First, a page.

Nigeria’s ability to earn substantial revenue from oil and gas resources to finance its programmes is being hampered by the continued vandalisation of assets as losses hit an average of 11,000 barrels per day for oil major and at least $2 billion from the destructive activities on the Nembe Creek Trunkline (NCTL) vandalism in the last four years.
At $65.60 per barrel based on the OPEC basket price, Shell’s loss of 11,000 bpd averages $261 million yearly besides the liabilities suffered by other operators.The lost revenues, observers noted, were sufficient to fund critical ministries in the 2019 budget.
Industry data show that 42 per cent of the Appropriation Act, representing N3.73 trillion, is to be financed from oil and gas funds, even as the nation hopes to get a higher production quota from agreed OPEC cuts that was extended till March 31, 2020.
According to stakeholders, while the indigenous players have demonstrated growth, especially in terms of crude oil production and exploration, the survival of the firms is being threatened largely by high debt profile, cash flow pressure, growing oil theft, multiple fines and levies, host community challenges and debt service commitments.
Managing Director of Aiteo Group Victor Okoronkwo, whose organisation had declared series of force majeure on the Nembe Creek Trunkline, noted that the situation requires urgent attention of the Federal Government.
He said a new $5 billion investment plan between his company and the Nigerian National Petroleum Corporation (NNPC) would increase the nation’s oil output by 250,000 bpd and gas production by 300 million standard cubic feet.
The move, according to him, could add 1.2 gigawatts of electricity to the grid. Okoronkwo submitted that government would be making the right decision by opting out of joint ventures, adding that the development would stabilise existing private joint partners’ capital and consolidate their position.
Permanent Secretary, Federal Ministry of Petroleum Resources, Dr. Folasade Yemi-Esan, insisted that the nation’s petroleum industry was affected by high industry technical costs, obsolete legislations and fiscal regimes, downstream sector issues and infrastructure constraints.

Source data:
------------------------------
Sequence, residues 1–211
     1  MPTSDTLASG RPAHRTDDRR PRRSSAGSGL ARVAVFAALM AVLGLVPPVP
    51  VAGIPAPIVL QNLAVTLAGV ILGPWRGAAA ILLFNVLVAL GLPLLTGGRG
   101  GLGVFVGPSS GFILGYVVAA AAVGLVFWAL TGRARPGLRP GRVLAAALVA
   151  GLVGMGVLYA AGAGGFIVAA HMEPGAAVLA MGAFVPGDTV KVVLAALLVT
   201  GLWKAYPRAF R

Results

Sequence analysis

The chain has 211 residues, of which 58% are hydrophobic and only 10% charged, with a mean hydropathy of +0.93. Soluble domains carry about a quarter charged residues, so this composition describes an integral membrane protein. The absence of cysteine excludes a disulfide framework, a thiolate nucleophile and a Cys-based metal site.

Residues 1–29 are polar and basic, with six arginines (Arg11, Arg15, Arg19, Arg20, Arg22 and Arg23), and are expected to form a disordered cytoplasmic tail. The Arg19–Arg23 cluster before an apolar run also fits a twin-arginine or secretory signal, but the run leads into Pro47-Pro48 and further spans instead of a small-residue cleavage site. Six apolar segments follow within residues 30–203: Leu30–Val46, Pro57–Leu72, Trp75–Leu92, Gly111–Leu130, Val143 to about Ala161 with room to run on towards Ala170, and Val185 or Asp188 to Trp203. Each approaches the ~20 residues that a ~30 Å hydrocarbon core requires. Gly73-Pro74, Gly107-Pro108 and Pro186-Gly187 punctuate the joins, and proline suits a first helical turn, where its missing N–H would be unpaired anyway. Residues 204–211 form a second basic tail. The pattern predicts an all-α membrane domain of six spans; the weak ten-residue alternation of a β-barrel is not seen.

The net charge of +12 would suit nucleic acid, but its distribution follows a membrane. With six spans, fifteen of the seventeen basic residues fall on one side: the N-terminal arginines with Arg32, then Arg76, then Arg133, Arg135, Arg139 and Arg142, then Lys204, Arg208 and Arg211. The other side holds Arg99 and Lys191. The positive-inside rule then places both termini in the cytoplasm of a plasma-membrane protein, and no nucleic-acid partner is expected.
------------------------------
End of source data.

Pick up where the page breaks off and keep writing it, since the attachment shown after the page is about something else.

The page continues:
Group Managing Director of the NNPC, Maikanti Baru, harped on collaboration between the capital market and local operators for availability of finances.He charged the sector players to invest in human capacity development, improve engagement with government, especially the legislative arm, harness consolidation and standardise operations in line with international best practices.
In a related development, the indigenous operators urged government to deregulate the industry and end the controversial fuel subsidy, stating that payments for subsidised consumption hit $5 billion last year.The calls for deregulation resonated yesterday at the ongoing Oil and Gas Conference and Exhibition in Abuja.
The operators, who also commended the National Assembly for passing the Petroleum Industry Bill (PIB) and advised government to reconsider its passage, cautioned against signing a version that could jeopardise investments in the oil sector.Managing Director of Oando Plc., Wale Tinubu, who made the disclosure, said the sum represented funds that could have been used to finance other critical infrastructure for the well being of the citizenry.He, therefore, charged stakeholders to support the deregulation of the industry to engender growth.
The Executive Director of Nestoil, Dr. Chukwueloka Umeh, also condemned government’s regulation of the sector, maintaining that a true privatisation programme had not been carried out.He stressed that government needed to allow full deregulation to take its full course like it did in the telecommunications industry.